Blackstone Group Tests Crown’s Resolve With $8.5 Billion Bid

American investment company Blackstone Group has not given up on taking over Crown Resorts, and has lodged an $8.5 billion bid.

It appears American investment company Blackstone Group has not abounded its quest to acquire Crown Resorts. Crown Resorts informed shareholders Blackstone Group has offered $8.5 billion for the casino giant.

Blackstone Group offered $8.02 billion for Crown earlier this year but Crown rejected the proposal. The cash-rich investment group already owns 9.99% of Crown’s stock having purchased it from Melco Resorts’ Lawrence Ho. The company paid Ho $8.05 per share, but this latest offer values Crown shares at $12.50 each.

This is the third approach for Crown by Blackstone Group. A second, higher offer came in May, two months after Crown rejected the first bid. Interest in Crown had waned with the possibility of it losing its Melbourne casino licence. However, the Royal Commission allowed Crown to keep its licence despite significant shortcomings in how it operates. Being able to continue gambling operations makes Crown an attractive target, hence the third bid from Blackstone Group.

Crown Details Blackstone Group $8.5 Billion Offer

Any company on the Australian Stock Exchange (ASX) is required to formally announce any activity that could affect its share price.

“Crown Resorts Limited announced that it has received an unsolicited and non-binding proposal from a company on behalf on funds managed and advised by Blackstone Group and its affiliates, to acquire all of the shares in Crown by way of a scheme of arrangement at a price of $12.50 cash per share. The offer price will be reduced by the value of any dividends or distributions declared or paid by Crown.”

“The proposal follows previous acquisition proposals made by Blackstone Group of $11.85 cash per share as announced to the ASX on 22 March 2021 and $12.35 cash per share as announced to the ASX on 10 May 2021.”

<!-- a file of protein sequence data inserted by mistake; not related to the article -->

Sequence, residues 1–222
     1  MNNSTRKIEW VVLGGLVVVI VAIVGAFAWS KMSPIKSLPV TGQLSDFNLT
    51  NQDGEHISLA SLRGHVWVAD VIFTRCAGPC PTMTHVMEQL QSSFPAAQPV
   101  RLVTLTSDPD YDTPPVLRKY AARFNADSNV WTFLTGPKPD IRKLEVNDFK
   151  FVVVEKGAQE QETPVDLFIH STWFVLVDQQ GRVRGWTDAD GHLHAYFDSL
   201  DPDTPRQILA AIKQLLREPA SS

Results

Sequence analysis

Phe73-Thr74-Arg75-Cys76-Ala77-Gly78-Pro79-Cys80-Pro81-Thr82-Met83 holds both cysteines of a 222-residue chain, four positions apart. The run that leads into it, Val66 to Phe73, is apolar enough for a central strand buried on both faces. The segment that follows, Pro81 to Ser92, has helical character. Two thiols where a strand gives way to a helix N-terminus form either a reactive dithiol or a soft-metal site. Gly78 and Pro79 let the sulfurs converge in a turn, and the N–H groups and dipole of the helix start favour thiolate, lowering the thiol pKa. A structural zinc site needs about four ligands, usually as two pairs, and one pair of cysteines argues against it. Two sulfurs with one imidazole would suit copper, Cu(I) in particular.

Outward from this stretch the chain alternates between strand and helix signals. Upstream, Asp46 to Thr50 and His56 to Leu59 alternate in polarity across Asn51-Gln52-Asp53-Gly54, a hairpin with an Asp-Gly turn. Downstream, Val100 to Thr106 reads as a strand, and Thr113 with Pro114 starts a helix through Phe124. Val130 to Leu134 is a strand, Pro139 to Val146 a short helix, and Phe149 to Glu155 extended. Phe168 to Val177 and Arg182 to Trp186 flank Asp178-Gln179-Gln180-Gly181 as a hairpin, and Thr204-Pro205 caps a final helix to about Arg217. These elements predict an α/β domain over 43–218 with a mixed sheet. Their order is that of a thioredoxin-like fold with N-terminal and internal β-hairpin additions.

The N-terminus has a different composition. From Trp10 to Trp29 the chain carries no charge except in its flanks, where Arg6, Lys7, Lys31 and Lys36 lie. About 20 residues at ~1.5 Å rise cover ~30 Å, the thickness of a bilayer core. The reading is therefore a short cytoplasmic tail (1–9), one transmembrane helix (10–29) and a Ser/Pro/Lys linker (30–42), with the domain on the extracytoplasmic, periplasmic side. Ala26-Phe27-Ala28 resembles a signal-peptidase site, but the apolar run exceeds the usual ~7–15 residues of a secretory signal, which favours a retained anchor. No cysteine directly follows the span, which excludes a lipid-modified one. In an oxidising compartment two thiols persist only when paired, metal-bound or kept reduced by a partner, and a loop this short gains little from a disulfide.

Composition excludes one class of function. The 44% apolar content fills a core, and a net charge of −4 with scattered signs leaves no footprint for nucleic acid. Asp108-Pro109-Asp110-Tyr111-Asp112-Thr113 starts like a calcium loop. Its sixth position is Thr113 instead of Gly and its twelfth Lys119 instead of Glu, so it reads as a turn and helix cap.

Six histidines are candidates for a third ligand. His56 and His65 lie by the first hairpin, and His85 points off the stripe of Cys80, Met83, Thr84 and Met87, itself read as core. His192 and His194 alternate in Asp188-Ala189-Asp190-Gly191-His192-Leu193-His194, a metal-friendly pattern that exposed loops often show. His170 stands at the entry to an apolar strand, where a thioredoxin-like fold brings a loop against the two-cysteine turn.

Blackstone Group has, unsurprisingly, inserted some clauses into its proposal. These relate to Crown Resorts’ casino licences. The company will pull out of any deal if Crown Melbourne loses its casino licence or has sanctions placed on it. Furthermore, the same is true regarding Crown Sydney, which is currently unable to operate its casino. Blackstone Group set a deadline of 31 December 2022 for Sydney to begin operations.

There is uncertainty about Crown Perth, too.

The Finances Behind the Deal

Blackstone Group is a cash-rich investment company. Its latest financial figures show it has US$11.5 billion of cash. In addition, the company has US$2.3 billion of undrawn credit at its disposal. The Group plans to finance the transaction through a combination of debt and equity.

While the group has the available cash to purchase Crown Resorts outright, doing so is very unlikely. Purchasing Crown with cash leaves the company with US$5.35 billion. This is a huge sum, but then limits Blackstone’s ability to fund any future major takeovers.

“Blackstone has indicated that the proposed transaction would be funded through a combination of debt and equity. Blackstone would provide equity financing for the proposed transaction through one or more of its affiliated funds and the proposed transaction would not be subject to any financing condition. In formulating the offer price, Blackstone has assumed that Crown remains in compliance with its banking covenants and is not downgraded below the credit rating as announced to the ASX on 29 October 2021.”

Will Crown’s Board Accept The Offer?

It is standard for board members to keep their cards close to their chests during takeover talks. Crown’s board is following that trend.

“The Crown Board has not yet formed a view on the merits of the proposal. It will now assess the proposal, having regard to the value and terms of the proposal and other considerations. It will also engage with relevant stakeholders including regulatory authorities.”

“Crown shareholders do not need to take any action in relation to the proposal at this stage. There is no certainty that the proposal will result in a transaction.”

The offer will go to a shareholder vote if the Crown board deem the offer suitable. Crown shareholders have endured a roller coaster of emotions and financial swings over the years, making a yes vote much more likely.